Today on Summit Life with J.D.
Greer. I did not marry a weak, superficial woman. I am not raising my daughters to be weak, superficial women.
And I do not want this church to create them either. Yes, we are here to help you ladies be better wives and mothers if that is a role that God has given to you. But we are also passionate to see those of you whom God has called to be leaders become those leaders. The Summit Life with pastor, author and theologian J.D. Greer. As always, I'm your host, Molly Bedovich.
We're so glad that you're back with us today. Pastor J.D. is passionate about introducing people to the gospel of Jesus Christ, especially in passages like the one that we're looking at today. We're in the Book of Judges and our teaching series is called Broken Saviors. When God inspires a woman to step forward and give leadership and ministry, how can the church help her become all God intended? This is a hot topic today, and Pastor J.D. 's response is informed by a fascinating story in the Book of Judges. If you'd like to follow along with the transcript of each message, you can find them free of charge at jdgreer.com. Now let's get started with today's message titled Calling All Leaders, Both Male and Female. Here's J.D.
in 2009. We finally squeaked in a little boy right at the buzzer. You guys can pray for Adam, my son.
In some ways, I feel like the deck is really stacked against him. He has four moms instead of one who dress him up like a princess and carry him around our house. He is a pastor's kid, and then on top of all that, he shares a birthday with Jesus. So I feel like he's got a lot to overcome in his life. Pretty late in developing his speaking and his walking abilities, at least relatively late compared to our daughters. People a lot of times will ask me why I think that was.
It is very simply, there was no reason at all for him to do any of those things himself for the first four years. Everywhere he wanted to go, one of his four moms carried him around, and between them, enough words transpire in our house that neither Adam nor I feel like we have a lot to add. But anyway, that is the world that I live in, and I share that because this passage in the Book of Judges today has very special significance for me as a dad of three very smart, very, shall we say, high school high-spirited daughters. This passage speaks to what I hope for them, what I dream for them, what I pray over them. It is the story of Deborah, the only female judge.
Now guys, do not zone out because I'm telling you there is plenty in here that you can learn from too. So if you have a Bible, Judges chapter four is where we are going to be. Judges chapter four and five, we're gonna look at the story of Deborah and Barak. Deborah and Barak.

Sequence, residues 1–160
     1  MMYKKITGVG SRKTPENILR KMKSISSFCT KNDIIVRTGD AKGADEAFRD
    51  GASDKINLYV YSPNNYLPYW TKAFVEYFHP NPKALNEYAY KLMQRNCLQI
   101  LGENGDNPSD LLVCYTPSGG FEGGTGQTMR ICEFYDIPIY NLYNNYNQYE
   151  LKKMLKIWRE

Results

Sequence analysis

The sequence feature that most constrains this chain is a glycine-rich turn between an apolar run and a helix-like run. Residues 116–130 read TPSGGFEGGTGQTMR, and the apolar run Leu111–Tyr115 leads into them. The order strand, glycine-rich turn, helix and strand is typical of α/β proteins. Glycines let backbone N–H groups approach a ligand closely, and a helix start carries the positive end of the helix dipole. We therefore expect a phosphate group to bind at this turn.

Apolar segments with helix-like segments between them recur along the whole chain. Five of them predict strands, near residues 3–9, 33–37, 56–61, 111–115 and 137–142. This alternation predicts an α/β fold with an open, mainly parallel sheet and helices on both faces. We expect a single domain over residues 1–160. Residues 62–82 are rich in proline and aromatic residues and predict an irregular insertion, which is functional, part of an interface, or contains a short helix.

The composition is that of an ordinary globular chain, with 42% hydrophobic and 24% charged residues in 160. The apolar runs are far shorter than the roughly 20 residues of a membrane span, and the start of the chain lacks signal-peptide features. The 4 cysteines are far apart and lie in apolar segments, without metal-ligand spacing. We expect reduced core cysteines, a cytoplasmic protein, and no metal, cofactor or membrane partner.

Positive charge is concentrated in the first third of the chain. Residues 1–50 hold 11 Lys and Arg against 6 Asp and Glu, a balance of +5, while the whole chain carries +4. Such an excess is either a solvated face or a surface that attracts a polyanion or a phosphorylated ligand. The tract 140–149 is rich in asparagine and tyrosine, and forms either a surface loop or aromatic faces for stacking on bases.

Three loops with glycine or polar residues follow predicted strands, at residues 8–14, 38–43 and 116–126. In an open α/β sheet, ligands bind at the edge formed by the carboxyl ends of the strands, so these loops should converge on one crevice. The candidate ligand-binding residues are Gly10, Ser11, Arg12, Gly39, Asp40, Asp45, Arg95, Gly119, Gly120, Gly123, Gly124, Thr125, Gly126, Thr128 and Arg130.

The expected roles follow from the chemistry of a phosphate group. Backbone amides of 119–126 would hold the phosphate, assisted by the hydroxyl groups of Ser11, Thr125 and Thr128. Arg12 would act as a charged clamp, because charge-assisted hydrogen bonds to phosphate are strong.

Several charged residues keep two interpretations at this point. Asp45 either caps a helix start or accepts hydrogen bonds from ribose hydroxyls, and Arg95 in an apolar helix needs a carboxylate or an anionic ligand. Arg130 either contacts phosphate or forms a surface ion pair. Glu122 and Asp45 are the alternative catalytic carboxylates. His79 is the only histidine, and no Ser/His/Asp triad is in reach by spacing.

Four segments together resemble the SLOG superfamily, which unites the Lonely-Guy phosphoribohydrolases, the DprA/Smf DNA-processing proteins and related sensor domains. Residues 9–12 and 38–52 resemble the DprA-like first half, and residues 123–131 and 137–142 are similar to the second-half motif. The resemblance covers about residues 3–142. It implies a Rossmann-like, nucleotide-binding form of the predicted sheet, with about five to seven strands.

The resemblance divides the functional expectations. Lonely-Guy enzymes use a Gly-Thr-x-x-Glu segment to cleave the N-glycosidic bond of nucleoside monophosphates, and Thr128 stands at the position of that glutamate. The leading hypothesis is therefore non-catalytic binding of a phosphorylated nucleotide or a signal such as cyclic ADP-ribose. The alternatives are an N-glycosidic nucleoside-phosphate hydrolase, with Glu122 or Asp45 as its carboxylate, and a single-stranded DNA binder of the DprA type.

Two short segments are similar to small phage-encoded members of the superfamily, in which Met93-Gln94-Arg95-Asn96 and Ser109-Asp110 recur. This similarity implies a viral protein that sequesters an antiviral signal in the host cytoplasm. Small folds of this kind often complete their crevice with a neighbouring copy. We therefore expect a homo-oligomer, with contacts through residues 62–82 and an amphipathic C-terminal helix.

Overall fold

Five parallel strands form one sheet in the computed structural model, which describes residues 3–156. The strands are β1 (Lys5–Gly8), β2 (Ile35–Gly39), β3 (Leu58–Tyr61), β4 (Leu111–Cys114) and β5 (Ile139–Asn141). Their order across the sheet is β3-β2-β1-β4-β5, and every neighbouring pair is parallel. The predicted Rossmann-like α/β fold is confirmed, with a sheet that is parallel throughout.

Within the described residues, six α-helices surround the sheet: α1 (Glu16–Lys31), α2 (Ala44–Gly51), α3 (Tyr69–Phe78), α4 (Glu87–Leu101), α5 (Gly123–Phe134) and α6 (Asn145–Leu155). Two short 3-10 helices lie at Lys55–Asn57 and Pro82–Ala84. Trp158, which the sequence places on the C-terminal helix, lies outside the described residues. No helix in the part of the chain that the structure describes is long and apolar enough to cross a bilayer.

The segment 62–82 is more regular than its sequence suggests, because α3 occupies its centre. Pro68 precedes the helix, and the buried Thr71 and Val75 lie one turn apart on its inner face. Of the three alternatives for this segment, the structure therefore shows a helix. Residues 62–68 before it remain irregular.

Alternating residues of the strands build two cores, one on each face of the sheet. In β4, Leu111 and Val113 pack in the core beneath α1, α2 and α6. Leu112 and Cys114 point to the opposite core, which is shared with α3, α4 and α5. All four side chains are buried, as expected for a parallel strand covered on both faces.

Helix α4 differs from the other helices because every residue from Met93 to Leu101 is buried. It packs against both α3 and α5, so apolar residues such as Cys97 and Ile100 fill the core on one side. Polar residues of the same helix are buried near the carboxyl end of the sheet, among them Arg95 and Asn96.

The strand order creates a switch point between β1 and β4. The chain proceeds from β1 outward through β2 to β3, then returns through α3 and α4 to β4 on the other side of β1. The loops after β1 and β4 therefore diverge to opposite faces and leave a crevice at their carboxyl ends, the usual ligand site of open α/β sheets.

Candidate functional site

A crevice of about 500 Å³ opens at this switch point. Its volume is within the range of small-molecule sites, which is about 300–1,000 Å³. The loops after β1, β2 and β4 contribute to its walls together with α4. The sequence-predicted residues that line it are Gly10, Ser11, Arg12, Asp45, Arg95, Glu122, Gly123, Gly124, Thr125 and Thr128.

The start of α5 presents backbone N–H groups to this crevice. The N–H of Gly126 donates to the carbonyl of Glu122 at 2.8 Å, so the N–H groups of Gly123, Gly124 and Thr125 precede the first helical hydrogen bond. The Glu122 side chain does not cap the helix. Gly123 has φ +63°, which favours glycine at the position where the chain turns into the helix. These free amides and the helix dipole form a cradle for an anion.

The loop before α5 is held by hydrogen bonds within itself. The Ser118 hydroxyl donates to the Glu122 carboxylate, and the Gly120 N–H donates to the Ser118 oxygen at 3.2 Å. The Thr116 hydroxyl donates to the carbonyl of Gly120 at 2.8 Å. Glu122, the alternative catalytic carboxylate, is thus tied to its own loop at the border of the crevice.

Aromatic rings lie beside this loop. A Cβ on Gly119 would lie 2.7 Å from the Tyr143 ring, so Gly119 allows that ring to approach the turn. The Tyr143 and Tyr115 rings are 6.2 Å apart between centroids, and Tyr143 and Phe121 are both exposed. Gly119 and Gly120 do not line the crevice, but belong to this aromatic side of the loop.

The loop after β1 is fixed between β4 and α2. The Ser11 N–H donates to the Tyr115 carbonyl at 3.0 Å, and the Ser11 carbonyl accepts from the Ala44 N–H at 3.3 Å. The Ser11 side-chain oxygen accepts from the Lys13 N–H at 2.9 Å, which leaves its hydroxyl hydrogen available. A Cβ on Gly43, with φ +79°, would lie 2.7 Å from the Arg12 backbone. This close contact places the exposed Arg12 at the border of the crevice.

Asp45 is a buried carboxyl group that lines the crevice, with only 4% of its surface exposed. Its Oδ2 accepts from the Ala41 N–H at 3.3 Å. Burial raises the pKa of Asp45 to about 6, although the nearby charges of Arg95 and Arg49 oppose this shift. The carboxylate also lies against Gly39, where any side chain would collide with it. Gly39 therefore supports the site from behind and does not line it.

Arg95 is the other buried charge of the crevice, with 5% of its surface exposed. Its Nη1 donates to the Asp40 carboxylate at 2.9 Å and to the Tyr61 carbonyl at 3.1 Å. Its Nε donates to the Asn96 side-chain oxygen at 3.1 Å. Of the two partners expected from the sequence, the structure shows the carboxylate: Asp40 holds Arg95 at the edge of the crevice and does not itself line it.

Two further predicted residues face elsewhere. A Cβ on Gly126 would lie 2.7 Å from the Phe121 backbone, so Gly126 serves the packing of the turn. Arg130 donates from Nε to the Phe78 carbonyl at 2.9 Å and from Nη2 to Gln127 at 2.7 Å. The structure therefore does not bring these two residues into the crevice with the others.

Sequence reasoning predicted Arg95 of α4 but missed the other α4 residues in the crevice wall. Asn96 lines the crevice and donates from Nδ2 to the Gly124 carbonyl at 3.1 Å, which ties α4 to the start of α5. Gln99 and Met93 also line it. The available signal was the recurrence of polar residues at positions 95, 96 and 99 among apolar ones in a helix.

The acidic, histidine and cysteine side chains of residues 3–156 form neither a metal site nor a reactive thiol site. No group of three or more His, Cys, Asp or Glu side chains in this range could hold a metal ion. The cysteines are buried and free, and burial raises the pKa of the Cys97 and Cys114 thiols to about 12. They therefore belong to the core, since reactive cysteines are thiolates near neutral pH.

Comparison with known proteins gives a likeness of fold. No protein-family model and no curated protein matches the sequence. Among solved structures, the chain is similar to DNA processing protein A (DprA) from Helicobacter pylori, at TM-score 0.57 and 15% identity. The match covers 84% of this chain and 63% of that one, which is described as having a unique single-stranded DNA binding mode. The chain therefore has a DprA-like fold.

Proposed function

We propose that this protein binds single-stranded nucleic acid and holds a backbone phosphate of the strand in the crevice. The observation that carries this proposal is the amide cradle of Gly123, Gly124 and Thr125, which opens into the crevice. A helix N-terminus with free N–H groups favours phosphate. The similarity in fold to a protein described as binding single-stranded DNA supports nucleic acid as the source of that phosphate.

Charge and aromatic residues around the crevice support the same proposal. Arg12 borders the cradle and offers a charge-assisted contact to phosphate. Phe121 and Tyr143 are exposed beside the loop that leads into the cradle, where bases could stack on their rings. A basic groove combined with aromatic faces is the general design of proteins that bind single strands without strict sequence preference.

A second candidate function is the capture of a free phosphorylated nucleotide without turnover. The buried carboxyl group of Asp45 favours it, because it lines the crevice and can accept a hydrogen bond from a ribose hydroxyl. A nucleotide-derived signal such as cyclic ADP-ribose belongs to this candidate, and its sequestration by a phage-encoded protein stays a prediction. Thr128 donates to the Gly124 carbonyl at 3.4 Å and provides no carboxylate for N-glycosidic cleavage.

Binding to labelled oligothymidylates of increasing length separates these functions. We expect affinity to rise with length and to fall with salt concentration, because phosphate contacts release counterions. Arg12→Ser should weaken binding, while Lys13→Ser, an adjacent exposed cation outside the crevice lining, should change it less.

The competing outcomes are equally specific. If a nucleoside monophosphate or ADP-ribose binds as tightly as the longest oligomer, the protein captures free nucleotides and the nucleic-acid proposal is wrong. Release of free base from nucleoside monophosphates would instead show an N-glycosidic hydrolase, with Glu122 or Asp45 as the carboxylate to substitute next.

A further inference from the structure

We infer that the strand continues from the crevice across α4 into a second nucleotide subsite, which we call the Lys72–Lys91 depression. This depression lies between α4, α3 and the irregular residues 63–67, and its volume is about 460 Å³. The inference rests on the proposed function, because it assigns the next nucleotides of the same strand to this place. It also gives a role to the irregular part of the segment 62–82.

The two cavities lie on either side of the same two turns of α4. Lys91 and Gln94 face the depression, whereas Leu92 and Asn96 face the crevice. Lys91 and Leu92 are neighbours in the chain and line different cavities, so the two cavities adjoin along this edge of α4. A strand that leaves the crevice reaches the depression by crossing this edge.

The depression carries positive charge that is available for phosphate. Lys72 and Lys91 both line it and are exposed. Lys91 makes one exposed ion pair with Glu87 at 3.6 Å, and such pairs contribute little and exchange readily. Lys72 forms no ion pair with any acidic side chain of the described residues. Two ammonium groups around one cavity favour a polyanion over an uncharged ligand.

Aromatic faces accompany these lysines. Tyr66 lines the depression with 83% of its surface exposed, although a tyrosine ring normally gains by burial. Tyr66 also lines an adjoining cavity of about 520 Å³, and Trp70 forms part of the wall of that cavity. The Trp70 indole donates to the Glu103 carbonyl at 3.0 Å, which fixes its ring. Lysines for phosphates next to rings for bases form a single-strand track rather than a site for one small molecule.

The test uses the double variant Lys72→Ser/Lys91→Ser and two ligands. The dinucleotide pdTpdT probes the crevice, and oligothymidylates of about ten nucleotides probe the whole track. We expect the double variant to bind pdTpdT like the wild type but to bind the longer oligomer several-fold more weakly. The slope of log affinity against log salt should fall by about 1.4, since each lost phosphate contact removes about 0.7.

Judges 4, one, the story begins. When the Israelites did evil in the eyes of the Lord, now that left-handed Ahud was dead. Remember, left-handed Ahud was the southpaw savior we looked at a couple weeks ago that delivered Israel. Well, as long as he was alive for 80 years, the people followed God, but when he died, they wandered back into their ways, and so the Lord sold them into the hands of Jabin, the king of Canaan, who reigned in Hazor. I told you the first week that chariots of iron in those days were like the tanks of modern day. You know, it's like the Panzer tanks, and so they could mow down hundreds of foot soldiers. Israel didn't have any of them.
And so, Sisera has a decided tactical advantage over Israel, so he cruelly oppresses the Israelites for 20 years. The Israelites went up to her to have their disputes decided. You know, is it a gold and white dress, or is it a blue and black dress?
They would ask her questions like that. Just out of curiosity, how many of you gold and white? Just raise your hand. How many of you blue and black?
You guys are crazy. I wore a gold shirt just in honor of it this weekend, but she settled things like that for them, and so she sent for Barak and said to him, the Lord, Barak, the God of Israel, commands you, go and take with you 10,000 men, and I will lead Sisera into your hands. Barak said to her, if you go with me, I'll go, but if you don't go with me, I won't go. So, Deborah responds, and you've got to read in this a very deep sigh, certainly I will go with you, but because of the course you were taking, the honor will not be yours, for the Lord will deliver Sisera into the hands of a woman. Now, Hebrew the Kenite had separated from the Kenites, and they pitched his tent up by the oak in Zananim, which is near Kadesh.
That seems like a random detail that came out of nowhere, right? We're talking about Deborah and Barak in an imminent battle, and now, all of a sudden, we learn about this guy named Hebrew, who can't get along with the other Kenites, and so he takes his trailer with his wife, and he moves out to the desert, but it's not a random detail at all, as I will show you. So, meanwhile, back at the palace, verse 12, Deborah directs Barak and the army down to a region at the base of Mount Tabor.